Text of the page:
The interferon-gamma release assay (IGRA) is used to diagnose cases of feline mycobacteriosis, but the use of serial testing to monitor treatment responses has not been evaluated in this species. From a population of cats that underwent IGRA testing for diagnostic investigation, individuals were identified with a pre- and end-of-treatment IGRA that passed control thresholds. The number of cats which reverted to negative at the end-of-treatment IGRA, changes in paired antigen-specific optical density (OD) values and differences in the pre-treatment antigen-specific OD values for those which underwent reversion were compared. Factors to explain reversion or recurrence of disease post-treatment were explored. Four of 18 cats (22%) reverted to negativity at the point of clinical resolution ( = 0.33), there was no difference in paired antigen-specific OD values ( ≥ 0.12), and cats that reverted did not have a lower baseline OD value ( = 0.63). No statistically significant factors were identified to predict reversion ( ≥ 0.08). Remaining positive at the end of treatment IGRA was not associated with recurrence of disease post-treatment ( = 0.34). Overall, these data suggest there is limited value in the use of the IGRA to monitor treatment responses in cats.
View Article and Find Full Text PDF

Download full-text PDF

Source
http://dx.doi.org/10.3390/pathogens10060657DOI Listing
http://www.ncbi.nlm.nih.gov/pmc/articles/PMC8226617PMC
May 2021

Ocular Tuberculosis: More than 'Of Mice and Men'.

Ocul Immunol Inflamm 2020 Sep 18:1-5. Epub 2020 Sep 18.

Royal (Dick) School of Veterinary Studies and the Roslin Institute, The University of Edinburgh, Midlothian, UK.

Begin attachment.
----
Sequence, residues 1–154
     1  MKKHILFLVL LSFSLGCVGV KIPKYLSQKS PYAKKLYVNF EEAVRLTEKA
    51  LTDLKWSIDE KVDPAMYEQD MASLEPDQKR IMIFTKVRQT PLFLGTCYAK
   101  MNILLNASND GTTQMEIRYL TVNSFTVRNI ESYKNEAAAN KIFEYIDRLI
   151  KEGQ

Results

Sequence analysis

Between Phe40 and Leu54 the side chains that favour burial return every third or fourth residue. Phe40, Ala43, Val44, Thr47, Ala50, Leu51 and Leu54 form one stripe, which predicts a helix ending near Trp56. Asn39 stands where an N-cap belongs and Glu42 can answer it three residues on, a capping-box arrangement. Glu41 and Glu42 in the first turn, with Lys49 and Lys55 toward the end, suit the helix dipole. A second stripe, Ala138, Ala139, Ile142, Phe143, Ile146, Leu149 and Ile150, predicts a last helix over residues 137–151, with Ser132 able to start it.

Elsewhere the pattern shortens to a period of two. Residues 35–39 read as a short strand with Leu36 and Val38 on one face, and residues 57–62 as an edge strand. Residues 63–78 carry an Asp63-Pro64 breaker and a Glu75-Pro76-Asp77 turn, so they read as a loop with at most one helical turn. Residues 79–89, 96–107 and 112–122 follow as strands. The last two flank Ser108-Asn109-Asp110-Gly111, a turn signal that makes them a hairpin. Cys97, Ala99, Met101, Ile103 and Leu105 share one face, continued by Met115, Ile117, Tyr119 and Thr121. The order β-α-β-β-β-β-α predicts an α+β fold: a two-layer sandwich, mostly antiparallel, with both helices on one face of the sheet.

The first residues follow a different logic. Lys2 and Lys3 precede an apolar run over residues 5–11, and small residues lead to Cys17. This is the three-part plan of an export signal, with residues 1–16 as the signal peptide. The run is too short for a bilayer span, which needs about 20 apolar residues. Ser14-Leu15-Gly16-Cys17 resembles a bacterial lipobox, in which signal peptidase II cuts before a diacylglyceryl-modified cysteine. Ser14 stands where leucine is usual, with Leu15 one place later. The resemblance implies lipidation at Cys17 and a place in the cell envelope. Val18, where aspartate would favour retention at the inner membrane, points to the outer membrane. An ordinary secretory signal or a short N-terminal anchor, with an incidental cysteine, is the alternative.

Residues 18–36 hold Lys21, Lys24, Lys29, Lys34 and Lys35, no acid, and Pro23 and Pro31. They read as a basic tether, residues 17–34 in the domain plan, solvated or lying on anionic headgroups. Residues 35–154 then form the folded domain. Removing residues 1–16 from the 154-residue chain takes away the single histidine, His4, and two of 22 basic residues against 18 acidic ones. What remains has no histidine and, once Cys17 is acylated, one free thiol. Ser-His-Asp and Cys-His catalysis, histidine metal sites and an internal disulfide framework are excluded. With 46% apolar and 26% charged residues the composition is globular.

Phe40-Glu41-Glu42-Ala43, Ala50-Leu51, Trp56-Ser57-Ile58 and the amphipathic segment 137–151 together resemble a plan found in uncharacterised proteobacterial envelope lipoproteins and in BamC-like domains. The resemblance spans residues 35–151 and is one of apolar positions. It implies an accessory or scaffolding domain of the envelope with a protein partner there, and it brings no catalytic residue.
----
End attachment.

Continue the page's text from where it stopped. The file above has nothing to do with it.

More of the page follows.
Tuberculosis (TB), caused by infection with members of the -complex, is one of the oldest known infectious disease entities, resulting in the death of millions of humans each year. It also results in a substantial degree of morbidity and mortality in animal species. Extrapulmonary TB is well recognized in humans, and the eye is one site that can be affected. Studies seeking to understand ocular TB have often relied on animal models; however, these have their limitations and may not truly reflect what happens in humans. We wish to raise awareness among ophthalmologists and vision scientists of naturally occurring cases of ocular TB in animals, namely cattle and domestic cats, and the possibilities of gaining further understanding of this presentation of TB by adopting a collaborative approach. This will hopefully improve outcomes for both human and animal patients.
View Article and Find Full Text PDF

Download full-text PDF

Source
http://dx.doi.org/10.1080/09273948.2020.1797116DOI Listing
September 2020

The Veterinary Immunological Toolbox: Past, Present, and Future.

Front Immunol 2020 28;11:1651. Epub 2020 Jul 28.

The Pirbright Institute, Woking, United Kingdom.